Sunday, July 17, 2022

The Good & The Bad Of OSINT - Which Side Are You On???


Whenever we have talked about a Cyberattack happening, for a lack of a better term, had some comfort in the fact knowing that we could expect a malware, worm, a Trojan Horse of sorts, or even Ransomware. 

But given the advances of technology, a Cyberattacker does not have to do all of this anymore in order to steal PII.  He or she can build a profile on you based on a methodology known as “OSINT”, also known as “Open-Source Intelligence”.

Just as its name implies, this Open-Source data that is legal to get and use, after all, it’s available on the Internet. It’s really like getting a background check on somebody, but with that, you have to pay some sort of fee. OSINT is free, and it can also be viewed as a data aggregator. 

This simply means that it is a one place shop where you can collect the information that you need that is collected from hundreds of different sources.

OSINT and be used for both the good and the bad.  For example, I did a podcast some time ago with a client that had an OSINT based business.  The degree to which he was able to use publicly known information totally blew me away.  He narrated this story of how they were able to solve a hit and run accident, even the police could not solve it. 

If I remember correctly, it all came down to collecting a small piece of car paint, and matching that up with other cars that passed by, which were taped by the CCTV cameras.  In a way, this also reminded me of the unfortunate incident of Pan AM Flight 103, a Boeing 747 that blew up over Lockerbie, Scotland.  It all came down to locating a tiny electronic component which forensics were able to trace back to a store in Libya.

Then, I wrote an article for a client about the OSINT methodology, and how some of the components of it could be used to hypothetically protect a well-known movie star.  But with the good, comes also the bad, and this is where ethe Cyberattacker now comes into play. 

As mentioned before, they no longer have to access the innards of your IT and Network infrastructure, and move laterally in order to get information about you. 

All they need are the tools of OSINT, a very close examination of your social media profiles, and the use of some AI and ML tools.  From here, they can build a whole new profile about you, even a create a totally different facial structure of you using Deepfakes (I think I just wrote an article about this a few weeks ago).  But the end result of this totally scary. 

With this newfound profile, a Cyberattacker can now launch ID Theft attack against, and you may never even know about it.

At least in the past, the Cyberattacker would have to know some specific information about you, such as your Social Security number, or Driver’s License number, but even this is not needed anymore.  With all of this, a Cyberattacker can easily open up new bank accounts, credit cards, you name it. 

But you are not going to believe this also.  There are also tools out there that let the Cyberattacker create that fictitious profile about you. 

This tool is called “Fake Name Generator”, and example of a fake profile can be seen below:


Heck you even create a picture of a real person that looks almost like the real thing by using a tool called “This Person Does Not Exist”.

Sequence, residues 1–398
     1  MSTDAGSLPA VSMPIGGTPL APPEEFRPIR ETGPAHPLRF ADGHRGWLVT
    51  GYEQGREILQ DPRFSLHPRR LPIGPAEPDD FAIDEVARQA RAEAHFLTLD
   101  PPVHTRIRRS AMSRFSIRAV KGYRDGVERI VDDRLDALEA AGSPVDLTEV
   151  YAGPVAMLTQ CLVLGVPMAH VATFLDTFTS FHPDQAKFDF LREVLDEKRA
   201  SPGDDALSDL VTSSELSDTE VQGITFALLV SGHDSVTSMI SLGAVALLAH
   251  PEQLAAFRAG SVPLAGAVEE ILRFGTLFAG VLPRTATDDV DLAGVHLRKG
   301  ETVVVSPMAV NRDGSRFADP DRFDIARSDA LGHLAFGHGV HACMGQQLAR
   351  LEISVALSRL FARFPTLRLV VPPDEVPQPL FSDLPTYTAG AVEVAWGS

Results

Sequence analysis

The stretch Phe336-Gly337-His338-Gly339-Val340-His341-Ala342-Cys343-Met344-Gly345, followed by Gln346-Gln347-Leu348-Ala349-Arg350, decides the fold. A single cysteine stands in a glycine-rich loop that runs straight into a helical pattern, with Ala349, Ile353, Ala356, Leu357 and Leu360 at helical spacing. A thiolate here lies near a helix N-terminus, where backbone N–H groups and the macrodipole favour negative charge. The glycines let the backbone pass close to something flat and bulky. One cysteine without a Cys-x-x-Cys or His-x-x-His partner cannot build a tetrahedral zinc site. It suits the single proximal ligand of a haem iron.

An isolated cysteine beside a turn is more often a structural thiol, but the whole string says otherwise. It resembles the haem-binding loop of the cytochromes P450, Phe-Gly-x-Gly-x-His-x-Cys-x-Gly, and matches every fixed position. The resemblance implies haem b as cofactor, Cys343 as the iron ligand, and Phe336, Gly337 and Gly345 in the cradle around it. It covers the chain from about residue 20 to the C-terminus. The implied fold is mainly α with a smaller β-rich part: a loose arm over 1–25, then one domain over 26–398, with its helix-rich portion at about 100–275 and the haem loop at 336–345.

My Thoughts On This:

Ok, I even find this to be rather extremist, and I have been in Cybersecurity for years.  But keep in mind, even in the case of digital attacks, the Cyberattacker will always leave behind some evidence, even to the smallest amount that is possible.  In the case of a faked profile like we have been talking about this blog, look for some of the following clues:

*A person looks head on, directly into the camera lens;

*There will be some nuances in their facial structure;

*Other extraneous accessories can fade in and fade out.  For example, if the subject is wearing earrings, one lobe of the ear may drifting further down than the other ear, although the earrings may look completely identical;

*The sides of the picture have some strange sidings to them.

What can you do to help avoid in becoming a victim in these kinds of scams?  Well, the first rule is never to respond to anything that you are suspicious.  For example, I get tons of robocalls and suspicious emails every day.  All I do is never respond to the phone call, or simply delete the email. 

But there have been numerous times in the past where I have received emails which seemed to questionable, but I had some doubts about that as well.

So in these cases, I normally try to find the Linked In profile of the person in question, and if I can’t, then that is a huge red flag.  I try to check out their Social Media profiles, and if there is nothing there, then I just delete the email.  But keep in mind that the Cyberattacker could quite possibly be ahead of you in this regard, by having a fictitious Linked In profile and Social Media sites already populated.

Then there are the other rules as well:  Check your credit card and bank account balances at least 3x a day, and always monitor your credit report.  If possible, try to have a good friend even conduct a background check on you to make sure that everything is clean.  Finally remember that the Cyberattacker does not have to use just digital means to get a hold of you.

Attacks using the snail mail have now been on the rise, so pay careful attention to those as well.  In the end, if you have any doubts that you simply cannot resolve, or if you feel that you have become, always contact your local FBI office.  They will always be glad to help you out, and they will have the specialized tools needed to examine any evidence that you give them.


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